Evolution acceptance among pre-service primary teachers
University of Glasgow, Glasgow, UK
Evolution: Education and Outreach 2013, 6:20 doi:10.1186/1936-6434-6-20Published: 13 June 2013
The purpose of this study was to investigate evolution acceptance among pre-service primary teachers who opted to study biology (n=35). In this part of their teacher training course they were introduced to the theory of evolution. The study focused on (a) finding out the various degrees of evolution acceptance, (b) reasons behind these choices, (c) views on the origin and biodiversity of life and (d) the perceived impacts of evolution acceptance.
A self-administered survey questionnaire was used which included Likert based items as well as open-ended questions.
In-between positions of evolution acceptance were identified as a fresh contribution to evolution education research. Non-acceptance of evolution was not found in this sample. Students’ acceptance of the theory of evolution was identified falling into categories such as strong, reserved and partial-acceptance. Various reasons underlying the students’ choices were identified. Six positions on the origin and biodiversity of life were identified in the sample. The atheistic-evolution position was well represented but the modal category was agnostic-evolution; creationists and the other in-between positions were minimally represented. The impacts of evolution acceptance, experienced and perceived, at personal and social level were also identified. The factors which might influence participants’ decision making on the theory of evolution were also assembled from participants’ responses and previous research.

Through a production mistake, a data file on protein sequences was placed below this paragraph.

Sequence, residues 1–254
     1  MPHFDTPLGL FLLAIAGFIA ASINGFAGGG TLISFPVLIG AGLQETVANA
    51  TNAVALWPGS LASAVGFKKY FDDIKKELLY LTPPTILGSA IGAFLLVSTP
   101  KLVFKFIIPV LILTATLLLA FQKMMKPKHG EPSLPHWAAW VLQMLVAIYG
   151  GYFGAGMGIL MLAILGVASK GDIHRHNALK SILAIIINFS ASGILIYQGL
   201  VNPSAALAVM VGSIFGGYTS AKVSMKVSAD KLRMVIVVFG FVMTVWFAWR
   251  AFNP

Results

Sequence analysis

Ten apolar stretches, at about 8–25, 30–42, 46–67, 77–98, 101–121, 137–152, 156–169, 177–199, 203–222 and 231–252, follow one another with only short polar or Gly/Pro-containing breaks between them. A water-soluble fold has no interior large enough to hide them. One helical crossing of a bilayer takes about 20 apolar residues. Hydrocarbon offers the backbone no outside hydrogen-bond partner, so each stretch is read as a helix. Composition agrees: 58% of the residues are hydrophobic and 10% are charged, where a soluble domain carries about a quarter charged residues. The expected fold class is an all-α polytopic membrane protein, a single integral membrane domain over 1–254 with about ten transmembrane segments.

The educational implication for this study both for the science educators and teachers is to be aware of the positions of their students on evolution acceptance and be prepared to offer educational assistance.